How to Walk Multiple Dogs

If you’ve ever read our blog or perused our Instagram, it’s obvious that my wife and I love dogs. I mean, we live with three of them. But as much as I love them, having three furry roommates is not all sunshine and rainbows. There are many challenges that come with dog companionship. For one, they like their walks. Don’t get me wrong, I like them too. But, with three dogs, and only one or two humans things can get a little… hairy.

Pun intended.


How do you walk multiple dogs at once?


Not easily… even after years of practice, I’ve yet to perfect the technique of proper dog walking. But, I can give you some great dog walking tips. So, if you have more than one dog. Or, if you’re just an aspiring dog walker. Here are a few things to think about before you head out on your next excursion.

Know Your Dogs

Obviously, no one knows your dog better than you. But, when walking more than one dog at a time you need to know what each dog likes. More importantly, you need to know what they don’t like. For instance, growing up I had a very cute little terrier who was not cool with strangers. If someone approached us asking for a pet he would either yap wildly or take off in the opposite direction. I knew it was best to walk him at night when we had the streets to our self.

Now, Hazel and Zeus, they love to sniff. Once they get on the trail of a bunny or opossum they want to yank my arm off. Teaching them to properly heel has been a necessity. One active dog can be a challenge but throw two or three into the mix and you might have a disaster brewing.

That’s why knowing what sets your dog off in advance, can go a long way to making your walk smooth and leisurely. If your furry friend gets nervous around children avoid the park. Or, if they like to chase cars then stay out of the street. Which brings me to my next point…

Be Aware of Your Surroundings


If you live in the suburbs or an apartment complex you know that stray dogs are an unfortunate part of life. Several times, while out walking my dogs, I’ve had a stray dog charge at me. Not only is this terrifying, but it’s pretty dangerous.

You can’t always avoid these situations, but being observant can help. Spotting strays from a block away can save you from putting yourself and your dogs a risk. The same can be said of small children who can be as unpredictable. Or, just shady characters.  Not everyone understands proper dog walking etiquette. They may approach you, or pet your dogs without asking. Again, this can put you and your dogs at risk. So, know where you are and who’s around you.

Get the Right Equipment


There are several tools that can help you while walking more than one dog. Things like a dog lead splitter, which allows you to attach one leash to two or more collars. You may also want to look into a collar harness combo. A sturdy harness will give you a lot more control over your dog compared to an ordinary collar.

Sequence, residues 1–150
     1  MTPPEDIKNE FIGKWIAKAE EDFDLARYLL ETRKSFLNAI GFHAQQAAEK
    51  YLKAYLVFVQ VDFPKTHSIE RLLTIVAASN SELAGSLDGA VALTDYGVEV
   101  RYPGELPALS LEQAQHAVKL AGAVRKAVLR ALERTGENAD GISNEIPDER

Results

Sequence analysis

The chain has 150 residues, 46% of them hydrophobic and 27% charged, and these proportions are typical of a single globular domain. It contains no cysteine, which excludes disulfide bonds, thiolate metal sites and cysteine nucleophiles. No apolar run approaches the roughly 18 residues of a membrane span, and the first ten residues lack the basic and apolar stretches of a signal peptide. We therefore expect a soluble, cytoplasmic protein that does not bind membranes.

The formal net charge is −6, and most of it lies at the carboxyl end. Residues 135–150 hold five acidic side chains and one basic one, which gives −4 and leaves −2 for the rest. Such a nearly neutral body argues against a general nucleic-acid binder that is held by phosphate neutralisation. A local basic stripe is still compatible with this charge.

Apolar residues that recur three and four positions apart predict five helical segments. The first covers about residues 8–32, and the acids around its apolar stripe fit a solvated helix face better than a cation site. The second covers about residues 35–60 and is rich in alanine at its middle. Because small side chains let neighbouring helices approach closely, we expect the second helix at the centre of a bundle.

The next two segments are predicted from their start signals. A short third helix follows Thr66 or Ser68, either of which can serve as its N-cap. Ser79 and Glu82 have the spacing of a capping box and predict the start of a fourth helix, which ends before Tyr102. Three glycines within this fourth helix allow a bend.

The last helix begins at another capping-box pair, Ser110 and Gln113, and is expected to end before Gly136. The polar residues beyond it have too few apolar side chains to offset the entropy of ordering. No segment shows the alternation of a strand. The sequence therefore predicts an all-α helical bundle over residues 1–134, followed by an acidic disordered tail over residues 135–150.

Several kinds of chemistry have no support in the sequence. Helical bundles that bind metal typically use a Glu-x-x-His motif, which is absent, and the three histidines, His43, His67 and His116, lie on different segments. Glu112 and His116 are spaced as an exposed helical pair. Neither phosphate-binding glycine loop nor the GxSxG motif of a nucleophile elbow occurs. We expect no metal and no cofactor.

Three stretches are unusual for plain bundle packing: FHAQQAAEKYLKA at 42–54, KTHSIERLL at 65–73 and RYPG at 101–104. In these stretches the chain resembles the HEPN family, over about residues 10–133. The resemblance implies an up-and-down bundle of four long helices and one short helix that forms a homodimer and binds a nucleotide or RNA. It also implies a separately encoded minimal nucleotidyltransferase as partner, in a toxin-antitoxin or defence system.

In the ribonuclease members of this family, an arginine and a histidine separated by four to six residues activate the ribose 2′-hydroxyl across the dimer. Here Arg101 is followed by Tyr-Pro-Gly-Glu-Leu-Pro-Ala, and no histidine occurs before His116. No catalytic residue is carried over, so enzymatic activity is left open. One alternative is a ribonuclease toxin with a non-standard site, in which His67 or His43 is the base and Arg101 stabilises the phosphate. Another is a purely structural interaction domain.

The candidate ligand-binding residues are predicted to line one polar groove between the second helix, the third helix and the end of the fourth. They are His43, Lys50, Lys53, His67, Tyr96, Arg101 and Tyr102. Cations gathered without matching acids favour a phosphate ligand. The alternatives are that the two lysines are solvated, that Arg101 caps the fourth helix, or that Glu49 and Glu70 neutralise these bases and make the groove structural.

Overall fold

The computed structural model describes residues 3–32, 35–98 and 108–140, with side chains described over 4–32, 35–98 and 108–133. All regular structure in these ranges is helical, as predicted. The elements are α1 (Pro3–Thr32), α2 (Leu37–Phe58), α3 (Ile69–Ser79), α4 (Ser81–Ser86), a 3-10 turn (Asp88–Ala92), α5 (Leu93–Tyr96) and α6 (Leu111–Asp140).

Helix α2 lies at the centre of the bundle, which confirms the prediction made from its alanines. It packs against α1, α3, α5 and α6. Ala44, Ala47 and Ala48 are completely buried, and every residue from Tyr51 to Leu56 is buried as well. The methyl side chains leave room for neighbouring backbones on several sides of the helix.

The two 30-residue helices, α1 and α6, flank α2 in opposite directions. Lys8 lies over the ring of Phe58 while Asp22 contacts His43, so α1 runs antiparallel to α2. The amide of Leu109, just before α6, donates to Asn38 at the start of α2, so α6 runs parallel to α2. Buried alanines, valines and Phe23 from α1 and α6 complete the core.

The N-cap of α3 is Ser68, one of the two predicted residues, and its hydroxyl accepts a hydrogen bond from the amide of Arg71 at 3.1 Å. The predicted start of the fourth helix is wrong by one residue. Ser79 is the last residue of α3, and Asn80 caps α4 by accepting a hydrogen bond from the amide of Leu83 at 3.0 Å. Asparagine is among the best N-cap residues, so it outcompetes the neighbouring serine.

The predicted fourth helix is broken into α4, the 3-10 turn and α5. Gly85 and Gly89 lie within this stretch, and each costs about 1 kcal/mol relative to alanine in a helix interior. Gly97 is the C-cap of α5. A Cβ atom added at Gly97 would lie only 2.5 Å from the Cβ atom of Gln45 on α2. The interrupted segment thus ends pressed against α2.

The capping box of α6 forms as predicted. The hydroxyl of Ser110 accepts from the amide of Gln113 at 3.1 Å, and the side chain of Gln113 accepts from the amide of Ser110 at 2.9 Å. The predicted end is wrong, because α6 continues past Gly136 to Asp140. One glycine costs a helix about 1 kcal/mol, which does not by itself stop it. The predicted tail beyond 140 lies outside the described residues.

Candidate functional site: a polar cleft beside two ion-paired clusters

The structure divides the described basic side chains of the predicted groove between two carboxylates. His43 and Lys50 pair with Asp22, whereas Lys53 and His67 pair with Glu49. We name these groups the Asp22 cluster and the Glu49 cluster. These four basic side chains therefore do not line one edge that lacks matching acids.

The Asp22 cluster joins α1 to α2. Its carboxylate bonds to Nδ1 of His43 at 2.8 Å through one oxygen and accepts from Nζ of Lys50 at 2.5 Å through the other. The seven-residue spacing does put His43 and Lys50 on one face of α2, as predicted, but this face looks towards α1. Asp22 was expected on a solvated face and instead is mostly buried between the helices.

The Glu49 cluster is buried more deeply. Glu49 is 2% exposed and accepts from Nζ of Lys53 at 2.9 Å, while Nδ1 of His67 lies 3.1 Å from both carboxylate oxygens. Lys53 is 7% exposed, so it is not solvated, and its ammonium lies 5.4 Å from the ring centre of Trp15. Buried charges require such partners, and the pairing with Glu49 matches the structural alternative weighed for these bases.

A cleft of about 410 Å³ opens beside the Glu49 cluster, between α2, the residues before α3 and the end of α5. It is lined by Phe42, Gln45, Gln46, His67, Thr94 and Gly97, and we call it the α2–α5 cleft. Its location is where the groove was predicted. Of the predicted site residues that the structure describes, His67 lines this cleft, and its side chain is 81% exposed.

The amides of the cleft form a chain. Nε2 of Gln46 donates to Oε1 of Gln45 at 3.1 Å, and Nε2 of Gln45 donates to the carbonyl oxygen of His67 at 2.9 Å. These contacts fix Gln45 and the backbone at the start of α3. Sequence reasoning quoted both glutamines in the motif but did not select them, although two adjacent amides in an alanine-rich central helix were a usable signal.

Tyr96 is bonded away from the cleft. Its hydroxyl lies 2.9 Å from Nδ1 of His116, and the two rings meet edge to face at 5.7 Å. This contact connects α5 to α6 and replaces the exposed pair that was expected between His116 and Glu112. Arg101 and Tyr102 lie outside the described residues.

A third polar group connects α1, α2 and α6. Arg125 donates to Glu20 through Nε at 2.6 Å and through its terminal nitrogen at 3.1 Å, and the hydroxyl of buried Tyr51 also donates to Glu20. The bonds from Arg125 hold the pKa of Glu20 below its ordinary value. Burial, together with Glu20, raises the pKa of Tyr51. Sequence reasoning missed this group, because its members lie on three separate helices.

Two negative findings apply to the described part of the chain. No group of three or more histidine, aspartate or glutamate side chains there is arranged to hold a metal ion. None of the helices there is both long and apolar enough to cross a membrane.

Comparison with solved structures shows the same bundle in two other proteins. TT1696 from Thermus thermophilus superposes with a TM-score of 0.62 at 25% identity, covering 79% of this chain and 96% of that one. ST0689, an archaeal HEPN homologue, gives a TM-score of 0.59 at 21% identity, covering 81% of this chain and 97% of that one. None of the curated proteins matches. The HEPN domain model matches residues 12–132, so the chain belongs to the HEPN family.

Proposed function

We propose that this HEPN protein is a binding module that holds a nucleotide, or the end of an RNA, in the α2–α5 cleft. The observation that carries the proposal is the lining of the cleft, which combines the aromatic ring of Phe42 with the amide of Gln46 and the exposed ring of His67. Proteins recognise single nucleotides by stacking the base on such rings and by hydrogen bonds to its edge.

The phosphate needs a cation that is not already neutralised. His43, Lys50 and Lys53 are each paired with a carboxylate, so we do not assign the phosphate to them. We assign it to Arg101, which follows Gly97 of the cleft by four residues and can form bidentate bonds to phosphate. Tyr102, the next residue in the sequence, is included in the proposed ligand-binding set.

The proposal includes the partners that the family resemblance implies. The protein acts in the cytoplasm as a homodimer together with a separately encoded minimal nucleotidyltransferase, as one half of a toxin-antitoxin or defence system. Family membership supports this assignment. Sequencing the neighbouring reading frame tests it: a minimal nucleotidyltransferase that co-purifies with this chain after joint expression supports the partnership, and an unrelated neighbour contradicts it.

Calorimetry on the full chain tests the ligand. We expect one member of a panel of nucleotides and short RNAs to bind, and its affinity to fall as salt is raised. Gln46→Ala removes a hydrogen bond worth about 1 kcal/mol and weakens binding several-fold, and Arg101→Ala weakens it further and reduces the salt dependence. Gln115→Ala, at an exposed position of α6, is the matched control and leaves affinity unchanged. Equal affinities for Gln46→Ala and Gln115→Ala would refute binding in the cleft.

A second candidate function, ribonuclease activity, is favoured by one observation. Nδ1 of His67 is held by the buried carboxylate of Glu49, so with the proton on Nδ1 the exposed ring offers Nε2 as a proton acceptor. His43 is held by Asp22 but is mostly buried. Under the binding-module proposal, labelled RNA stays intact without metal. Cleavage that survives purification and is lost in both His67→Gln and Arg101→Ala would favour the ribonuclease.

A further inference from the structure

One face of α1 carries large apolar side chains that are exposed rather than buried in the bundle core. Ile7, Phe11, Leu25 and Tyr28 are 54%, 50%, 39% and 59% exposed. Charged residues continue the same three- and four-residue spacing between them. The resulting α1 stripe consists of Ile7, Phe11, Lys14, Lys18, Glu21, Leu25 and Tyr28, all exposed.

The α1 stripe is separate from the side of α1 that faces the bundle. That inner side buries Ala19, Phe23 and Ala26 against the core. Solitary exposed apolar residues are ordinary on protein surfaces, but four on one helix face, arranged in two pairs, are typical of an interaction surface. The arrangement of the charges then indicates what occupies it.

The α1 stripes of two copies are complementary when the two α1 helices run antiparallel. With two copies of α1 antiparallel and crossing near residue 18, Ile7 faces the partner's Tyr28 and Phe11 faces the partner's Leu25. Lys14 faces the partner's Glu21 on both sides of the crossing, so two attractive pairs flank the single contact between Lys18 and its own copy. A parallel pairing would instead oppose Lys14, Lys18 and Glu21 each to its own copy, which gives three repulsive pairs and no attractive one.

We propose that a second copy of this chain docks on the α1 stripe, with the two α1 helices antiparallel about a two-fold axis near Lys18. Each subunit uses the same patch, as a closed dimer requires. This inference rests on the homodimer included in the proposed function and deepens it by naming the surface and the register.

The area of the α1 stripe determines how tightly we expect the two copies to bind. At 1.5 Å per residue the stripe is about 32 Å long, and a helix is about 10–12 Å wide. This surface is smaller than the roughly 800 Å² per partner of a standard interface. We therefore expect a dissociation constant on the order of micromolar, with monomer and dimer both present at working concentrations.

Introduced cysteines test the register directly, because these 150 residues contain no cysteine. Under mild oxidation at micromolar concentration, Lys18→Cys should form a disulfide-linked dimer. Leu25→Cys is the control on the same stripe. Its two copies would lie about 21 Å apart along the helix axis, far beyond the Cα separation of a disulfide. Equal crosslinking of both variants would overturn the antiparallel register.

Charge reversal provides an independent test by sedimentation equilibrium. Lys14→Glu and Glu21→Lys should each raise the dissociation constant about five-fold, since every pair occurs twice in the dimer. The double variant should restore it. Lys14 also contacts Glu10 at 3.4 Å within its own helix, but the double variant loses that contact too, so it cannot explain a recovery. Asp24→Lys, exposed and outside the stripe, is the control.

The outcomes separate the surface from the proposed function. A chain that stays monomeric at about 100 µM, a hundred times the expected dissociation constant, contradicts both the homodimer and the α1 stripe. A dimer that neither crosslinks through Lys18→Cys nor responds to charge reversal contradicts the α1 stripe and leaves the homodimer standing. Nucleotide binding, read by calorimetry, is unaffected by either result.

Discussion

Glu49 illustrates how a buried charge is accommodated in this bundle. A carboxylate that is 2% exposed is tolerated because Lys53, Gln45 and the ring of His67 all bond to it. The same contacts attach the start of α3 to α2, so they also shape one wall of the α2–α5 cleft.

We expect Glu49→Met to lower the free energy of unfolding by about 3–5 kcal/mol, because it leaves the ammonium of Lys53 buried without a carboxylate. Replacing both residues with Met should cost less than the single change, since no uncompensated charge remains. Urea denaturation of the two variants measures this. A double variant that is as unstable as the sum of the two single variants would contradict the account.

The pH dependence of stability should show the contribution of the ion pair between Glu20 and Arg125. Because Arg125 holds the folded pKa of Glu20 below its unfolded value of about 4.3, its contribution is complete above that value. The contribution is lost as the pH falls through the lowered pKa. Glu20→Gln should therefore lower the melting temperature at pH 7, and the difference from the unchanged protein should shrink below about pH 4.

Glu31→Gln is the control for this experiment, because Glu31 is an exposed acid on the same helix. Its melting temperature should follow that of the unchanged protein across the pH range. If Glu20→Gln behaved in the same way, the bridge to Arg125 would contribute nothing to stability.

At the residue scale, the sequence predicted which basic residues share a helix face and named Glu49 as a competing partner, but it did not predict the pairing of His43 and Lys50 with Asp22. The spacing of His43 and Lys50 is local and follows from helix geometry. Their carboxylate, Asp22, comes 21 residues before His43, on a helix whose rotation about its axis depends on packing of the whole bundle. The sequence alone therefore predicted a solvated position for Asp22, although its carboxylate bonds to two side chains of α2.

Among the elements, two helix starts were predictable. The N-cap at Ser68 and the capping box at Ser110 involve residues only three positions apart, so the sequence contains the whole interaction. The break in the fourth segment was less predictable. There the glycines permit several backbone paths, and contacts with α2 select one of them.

Personally, I like to use a waist belt to which I attach all three leashes. This allows me to keep both hands free to deal with tangles. Because believe me- there will be leash tangles. With my big dogs, I use Weiss Walkies. They’re a type of leash that wraps around your dog’s mid-section and attaches to their collar. Weiss Walkies can help reduce your dog’s pulling.

Start with One Dog at a Time


Walking one dog at a time is not the most efficient method of dog walking, but it can be beneficial, to begin with. It’s good to learn how your dog behaves on a walk. Also, it’s easier to train one dog at a time. That way when you’ve got all your pups on a leash they’ll know exactly what you expect from them.

Teach each dog to walk by your side or as close to you as possible. This will pay off when walking multiple dogs. There’s nothing worse than walking three dogs traveling in three different directions. Trust me, I know.  

Expect and Train for Challenges


I mentioned training in the paragraph above, and this is really the key to ensuring a good walk. I don’t have the most behaved dogs in the world. But, I have at least trained them on the basics. Commands like ‘heel,’ and ‘sit.’ Being able to get their attention while walking is key. You might want to train your dog to stop and look at you with a single word or noise. Clicker training is great for this.

The most important thing is to have a method to get your dogs’ attention quickly. This is helpful when dealing with a tangle, avoiding a hazard, or when you need to change direction.

And last, but not least.

Bring Treats


I like to walk with a pocket full of kibble to reinforce good behavior. It’s also useful when you need to get your dogs’ attention or motivate them to stop and sit for a moment.

Like anything, walking multiple dogs takes practice, and it will never be perfect. In fact, it can be downright frustrating at times. But, when you get it right you’ll find it very rewarding, and even be relaxing… sometimes.